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Brain copper may protect from cognitive decline and Alzheimer’s disease pathology: a community-based study

Abstract

Copper is an essential micronutrient for brain health and dyshomeostasis of copper could have a pathophysiological role in Alzheimer’s disease (AD), however, there are limited data from community-based samples. In this study, we investigate the association of brain copper (assessed using ICP-MS in four regions -inferior temporal, mid-frontal, anterior cingulate, and cerebellum) and dietary copper with cognitive decline and AD pathology burden (a quantitative summary of neurofibrillary tangles, diffuse and neuritic plaques in multiple brain regions) at autopsy examination among deceased participants (N = 657; age of death: 90.2(±6.2)years, 70% women, 25% APOE-ɛ4 carriers) in the Rush Memory and Aging Project. During annual visits, these participants completed cognitive assessments using a 19-test battery and dietary assessments (using a food frequency questionnaire). Regression, linear mixed-effects, and logistic models adjusted for age at death, sex, education, and APOE-ε4 status were used. Higher composite brain copper levels were associated with slower cognitive decline (β(SE) = 0.028(0.01), p = 0.001) and less global AD pathology (β(SE) = −0.069(0.02), p = 0.0004). Participants in the middle and highest tertile of dietary copper had slower cognitive decline (T2vs.T1: β = 0.038, p = 0.0008; T3vs.T1: β = 0.028, p = 0.01) than those in the lowest tertile. Dietary copper intake was not associated with brain copper levels or AD pathology. Associations of higher brain copper levels with slower cognitive decline and with less AD pathology support a role for copper dyshomeostasis in AD pathogenesis and suggest that lower brain copper may exacerbate or indicate disease severity. Dietary and brain copper are unrelated but dietary copper is associated with slower cognitive decline via an unknown mechanism.

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Fig. 1: Brain copper levels and cognitive decline.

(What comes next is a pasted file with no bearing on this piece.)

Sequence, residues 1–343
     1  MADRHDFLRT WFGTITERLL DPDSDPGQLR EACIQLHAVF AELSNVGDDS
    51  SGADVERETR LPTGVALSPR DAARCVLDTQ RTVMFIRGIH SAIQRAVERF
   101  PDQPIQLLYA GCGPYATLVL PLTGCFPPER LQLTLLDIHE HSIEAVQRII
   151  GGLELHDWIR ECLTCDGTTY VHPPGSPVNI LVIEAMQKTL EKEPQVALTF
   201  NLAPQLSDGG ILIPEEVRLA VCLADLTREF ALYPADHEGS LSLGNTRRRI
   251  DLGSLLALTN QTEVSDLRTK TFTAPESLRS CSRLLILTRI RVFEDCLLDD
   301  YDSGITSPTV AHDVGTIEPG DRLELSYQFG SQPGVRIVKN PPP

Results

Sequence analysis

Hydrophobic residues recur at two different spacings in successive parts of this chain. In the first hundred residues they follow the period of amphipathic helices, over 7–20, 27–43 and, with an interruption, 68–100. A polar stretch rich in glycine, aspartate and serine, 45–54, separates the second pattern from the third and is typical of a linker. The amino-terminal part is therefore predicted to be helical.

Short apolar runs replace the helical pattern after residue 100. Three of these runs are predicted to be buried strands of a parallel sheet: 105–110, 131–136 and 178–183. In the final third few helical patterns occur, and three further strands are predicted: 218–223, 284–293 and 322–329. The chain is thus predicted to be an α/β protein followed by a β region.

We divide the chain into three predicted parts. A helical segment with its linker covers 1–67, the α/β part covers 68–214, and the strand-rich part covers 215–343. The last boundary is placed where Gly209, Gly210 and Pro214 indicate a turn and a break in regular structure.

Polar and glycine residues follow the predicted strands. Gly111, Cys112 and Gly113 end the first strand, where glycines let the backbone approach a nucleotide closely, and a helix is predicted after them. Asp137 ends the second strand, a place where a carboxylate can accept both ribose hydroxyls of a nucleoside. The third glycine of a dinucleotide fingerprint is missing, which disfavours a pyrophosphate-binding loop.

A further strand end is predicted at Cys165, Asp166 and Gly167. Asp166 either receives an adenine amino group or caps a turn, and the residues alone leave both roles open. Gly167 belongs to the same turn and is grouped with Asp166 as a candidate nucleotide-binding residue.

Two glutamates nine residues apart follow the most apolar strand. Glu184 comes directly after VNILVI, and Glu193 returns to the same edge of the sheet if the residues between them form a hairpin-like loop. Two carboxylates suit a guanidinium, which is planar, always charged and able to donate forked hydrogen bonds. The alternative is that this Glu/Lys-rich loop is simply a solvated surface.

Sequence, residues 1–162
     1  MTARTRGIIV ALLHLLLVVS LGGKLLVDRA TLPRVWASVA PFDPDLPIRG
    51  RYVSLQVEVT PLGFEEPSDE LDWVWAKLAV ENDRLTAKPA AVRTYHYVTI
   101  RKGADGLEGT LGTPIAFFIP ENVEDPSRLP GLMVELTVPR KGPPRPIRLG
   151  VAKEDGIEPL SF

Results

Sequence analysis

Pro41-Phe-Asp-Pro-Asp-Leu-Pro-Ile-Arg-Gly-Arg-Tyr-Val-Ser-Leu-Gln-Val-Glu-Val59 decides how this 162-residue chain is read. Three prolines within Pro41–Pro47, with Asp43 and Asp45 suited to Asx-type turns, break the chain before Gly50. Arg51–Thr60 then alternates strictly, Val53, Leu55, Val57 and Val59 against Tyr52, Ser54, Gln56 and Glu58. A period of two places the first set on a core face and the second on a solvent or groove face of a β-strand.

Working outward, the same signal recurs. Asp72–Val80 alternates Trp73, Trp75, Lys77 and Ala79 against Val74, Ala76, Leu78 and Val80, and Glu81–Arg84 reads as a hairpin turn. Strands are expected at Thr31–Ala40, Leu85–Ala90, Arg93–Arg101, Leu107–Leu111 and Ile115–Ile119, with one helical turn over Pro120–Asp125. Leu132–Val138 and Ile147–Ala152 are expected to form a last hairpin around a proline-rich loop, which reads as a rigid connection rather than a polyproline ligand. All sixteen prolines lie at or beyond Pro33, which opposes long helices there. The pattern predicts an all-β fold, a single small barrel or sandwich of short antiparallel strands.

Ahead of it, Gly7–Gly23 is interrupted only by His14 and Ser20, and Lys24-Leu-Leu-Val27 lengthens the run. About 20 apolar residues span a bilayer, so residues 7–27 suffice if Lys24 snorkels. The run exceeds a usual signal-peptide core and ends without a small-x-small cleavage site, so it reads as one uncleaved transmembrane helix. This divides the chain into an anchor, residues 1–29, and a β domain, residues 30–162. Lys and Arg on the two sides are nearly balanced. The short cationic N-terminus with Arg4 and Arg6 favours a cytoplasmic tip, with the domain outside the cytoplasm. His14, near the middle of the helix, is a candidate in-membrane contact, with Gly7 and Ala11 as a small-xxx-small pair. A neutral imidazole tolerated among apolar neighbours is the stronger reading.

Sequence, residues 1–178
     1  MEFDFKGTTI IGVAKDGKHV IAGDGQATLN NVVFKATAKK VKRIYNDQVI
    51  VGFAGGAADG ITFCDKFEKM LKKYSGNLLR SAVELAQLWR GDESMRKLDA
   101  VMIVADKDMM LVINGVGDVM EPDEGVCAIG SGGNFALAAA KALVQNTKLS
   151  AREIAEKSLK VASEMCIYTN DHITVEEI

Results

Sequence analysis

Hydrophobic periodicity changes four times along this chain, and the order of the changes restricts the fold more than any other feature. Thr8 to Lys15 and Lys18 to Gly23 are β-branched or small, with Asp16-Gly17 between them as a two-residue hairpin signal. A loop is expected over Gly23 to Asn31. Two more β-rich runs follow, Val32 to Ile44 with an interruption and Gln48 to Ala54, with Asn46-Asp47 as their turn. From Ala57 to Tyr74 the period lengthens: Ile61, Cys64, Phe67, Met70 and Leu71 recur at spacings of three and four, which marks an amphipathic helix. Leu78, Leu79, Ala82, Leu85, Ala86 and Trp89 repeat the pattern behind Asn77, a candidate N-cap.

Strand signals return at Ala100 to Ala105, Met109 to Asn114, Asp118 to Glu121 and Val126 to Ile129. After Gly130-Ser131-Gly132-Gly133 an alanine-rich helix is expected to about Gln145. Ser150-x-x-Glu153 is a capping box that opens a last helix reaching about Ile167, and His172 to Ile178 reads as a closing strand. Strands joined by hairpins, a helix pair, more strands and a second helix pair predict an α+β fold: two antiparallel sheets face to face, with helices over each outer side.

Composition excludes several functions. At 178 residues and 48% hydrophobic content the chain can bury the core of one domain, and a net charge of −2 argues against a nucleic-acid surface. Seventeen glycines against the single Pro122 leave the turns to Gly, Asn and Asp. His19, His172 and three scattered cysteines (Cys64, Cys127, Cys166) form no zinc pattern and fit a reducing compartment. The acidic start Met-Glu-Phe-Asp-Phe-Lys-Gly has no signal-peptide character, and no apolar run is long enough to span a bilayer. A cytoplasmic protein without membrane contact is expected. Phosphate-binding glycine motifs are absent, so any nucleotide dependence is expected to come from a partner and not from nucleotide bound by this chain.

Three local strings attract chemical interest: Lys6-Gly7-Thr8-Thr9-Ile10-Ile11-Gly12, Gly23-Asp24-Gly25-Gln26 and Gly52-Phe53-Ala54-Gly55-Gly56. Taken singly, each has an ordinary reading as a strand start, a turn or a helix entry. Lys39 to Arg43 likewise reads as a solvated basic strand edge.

Fig. 2: Brain copper levels and AD pathology.

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Acknowledgements

We thank the participants and the staff of Rush Memory and Aging Project and the Rush Alzheimer’s Disease Center. We also thank the biostatisticians Yamin Wang and Woojeong Bang who worked on this project.

Funding

This study was supported by grants from the National Institute of Health (R01AG054057 (JAS, AIB), R01AG017917 (DAB), and the National Health and Medical Research Council of Australia (SA, AIB). None of the funding sources have any role in data analysis, interpretation, and manuscript preparation.

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PA, SA, AIB, DAB and JAS: conceptualization, PA, SA, SEL: data analysis PA: manuscript preparation, edits and revisions, SA, SA, KD, DAB, LLB, SEL, AIB, and JAS: manuscript review and editing, SA, AIB, and JAS: supervision, SA, DAB, AIB, and JAS: funding acquisition.

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Correspondence to Julie A. Schneider.

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Competing interests

AIB Holds equity: Alterity Biotechnology Ltd, Cogstate Ltd, Mesoblast Ltd, Collaborative Medicinal Development LLC. Paid consultant: Collaborative Medicinal Development Pty Ltd. Julie A Schneider and other  authors report no competing interests.

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The authors dedicate this manuscript to Dr. Martha Clare Morris, who passed away during its drafting.

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Agarwal, P., Ayton, S., Agrawal, S. et al. Brain copper may protect from cognitive decline and Alzheimer’s disease pathology: a community-based study. Mol Psychiatry (2022). https://doi.org/10.1038/s41380-022-01802-5

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